“Ladders and Snakes” – The Risk with Values-based Communication
Onslaught of feedback on Dove’s new movie
Dove’s new You Tube movie, "Onslaught", has stirred up another storm of debate. Onslaught hits out at the barrage of images from the beauty industry that
tell girls they need to look good, get slim etc. It ends by
imploring parents to "Talk to your daughter before the beauty industry
does".This film comes hot on the heels of "Evolution", which got 15 million views on You Tube and won the top prize at the Cannes Advertising Festival. [More on Evolution here]
Has Onslaught gone a step too far? Evolution attacked the Photoshop-ed manipulation of models to make them look perfect, saying "be beautiful, but in your own way". The new film seems to say "Don’t listen to anyone who tells you to change the way you look". But then, Dove sells products that help you look slimmer and more beautiful. Uh?
PSFK highlights that parent company Unilever’s Lynx/Axe and Lux brands use more stereotypical sexy imagery to sell, and asks if this is not hypocritical. There is even a piss-take advert that says: "Talk to your daughter before Unilever does"! However, consumers are not marketing directors and most are unlikely to say "Oh no, I’m not buying Dove. I have a real issue with their portfolio strategy of having brands with a social mission, and others that are using sex to sell."
The bigger issue – "values-based" communication
But beyond the Onslaught film itself, the bigger issue that interests me is the whole idea of "values-based" communication. Does investing in marketing that works by "laddering up" to a higher order values level pay back in extra sales? Or is it an expensive "brand ego trip"? Should you be following in Dove’s steps, or steering clear?
Well, it sure gets impact and exposure. In New York a couple of weeks ago the Dove Onslaught movie made the breakfast news on national TV. And the hits on You Tube are close to a million. And for some people, this marketing will change the way they feel about Dove. However, there is then a jump that has to be made for these feelings to translate into product preference. The impact on the brand is in-direct.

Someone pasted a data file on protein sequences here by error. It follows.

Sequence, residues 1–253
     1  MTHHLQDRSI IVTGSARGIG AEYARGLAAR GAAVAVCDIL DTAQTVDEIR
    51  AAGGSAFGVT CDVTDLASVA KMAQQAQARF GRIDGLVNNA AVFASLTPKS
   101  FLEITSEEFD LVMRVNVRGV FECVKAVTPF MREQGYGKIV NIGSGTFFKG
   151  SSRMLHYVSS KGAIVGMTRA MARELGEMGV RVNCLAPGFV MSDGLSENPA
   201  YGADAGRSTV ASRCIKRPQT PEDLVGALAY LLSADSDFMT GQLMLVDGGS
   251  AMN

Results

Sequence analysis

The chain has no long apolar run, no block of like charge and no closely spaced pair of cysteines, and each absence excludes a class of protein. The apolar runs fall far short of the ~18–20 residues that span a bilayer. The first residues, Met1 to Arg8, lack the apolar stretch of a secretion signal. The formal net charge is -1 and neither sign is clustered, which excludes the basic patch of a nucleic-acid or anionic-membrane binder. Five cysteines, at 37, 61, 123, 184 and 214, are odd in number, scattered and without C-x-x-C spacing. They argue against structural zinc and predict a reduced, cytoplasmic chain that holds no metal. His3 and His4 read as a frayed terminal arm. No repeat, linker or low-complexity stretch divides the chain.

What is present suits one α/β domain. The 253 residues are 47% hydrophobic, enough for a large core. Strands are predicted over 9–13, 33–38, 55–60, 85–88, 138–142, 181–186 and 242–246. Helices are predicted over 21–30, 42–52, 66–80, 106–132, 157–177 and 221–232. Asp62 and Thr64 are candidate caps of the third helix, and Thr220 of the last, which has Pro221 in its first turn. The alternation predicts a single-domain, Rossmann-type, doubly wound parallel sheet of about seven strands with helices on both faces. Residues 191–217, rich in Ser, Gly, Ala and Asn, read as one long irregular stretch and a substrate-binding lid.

Ladders and snakes
This is a great quote from a marketing director I worked with at Unilever. The risk with climbing a brand ladder is that you can go too high, hit a ladder and slide down. Tom Fishburne has this bit of genius that illustrates the risks:
A better bet could be communication with a more obvious, direct link back to the product. In other words, leave the ladder in the garage, and get the "sausage" (product) and "sizzle" (emotional values) working together.
Looking back at the Dove case in the brand vision book, its fascinating to see that this is the conclusion reached by Dove’s agency, Ogilvy, when the Campaign for Real Beauty was created a few years ago. This campaign was based on a "beauty theory", a bit like a brand manifesto. They developed three different "brand anthem" campaigns that tried to get women to stop judging themselves so harshly (‘Beauty Has A Million Faces One Of Them Is Yours’, ‘Give Your Beauty Wings’ and ‘Let’s Make Peace With Beauty’). However, as the planner from Ogilvy agency commented :
"Unfortunately, women were not impressed. They found our ideas patronising. The top-down approach seemed to lead to rather didactic, theoretical and distant work. So we decided instead to work bottom-up – product first, wrapped in beauty theory."
I love that last line: "Products wrapped in beauty theory". Tell a product story, but in an impactful, emotionally engaging way. This led to the launch of Firming Cream, with the now famous advert of real ladies in their undies. It was fresh. It was honest. And it plugged a product: "As tested on real curves". "Real-ness" and "honesty" was the brand’s personality, but not the idea itself.
Time will tell if the Onslaught approach works. And hats off to the Dove team for being courageous and for innovating
with media. The pay to shoot their You Tube films, but the
media is then free.
But my money would go on emotionally engaging communication that sells. More like the Firming Cream stuff, and less like Onslaught. If you disagree and decide to cilmb the ladder to values land, then a few tips: i) be brave, ii) get your house in order and have some substance: Dove invests real time and effort in their Self-Esteem fund., iii) be ready for the back-lash and the cynics.
To end, an earlier Dove film about the Self-Esteem Fund that is still my personal fave. This one has a health warning. As the dad of 3 girls, I have to own up and say this bloody thing brought tears to my eyes when it was presented by Unilever’s CMO, Simon Clift!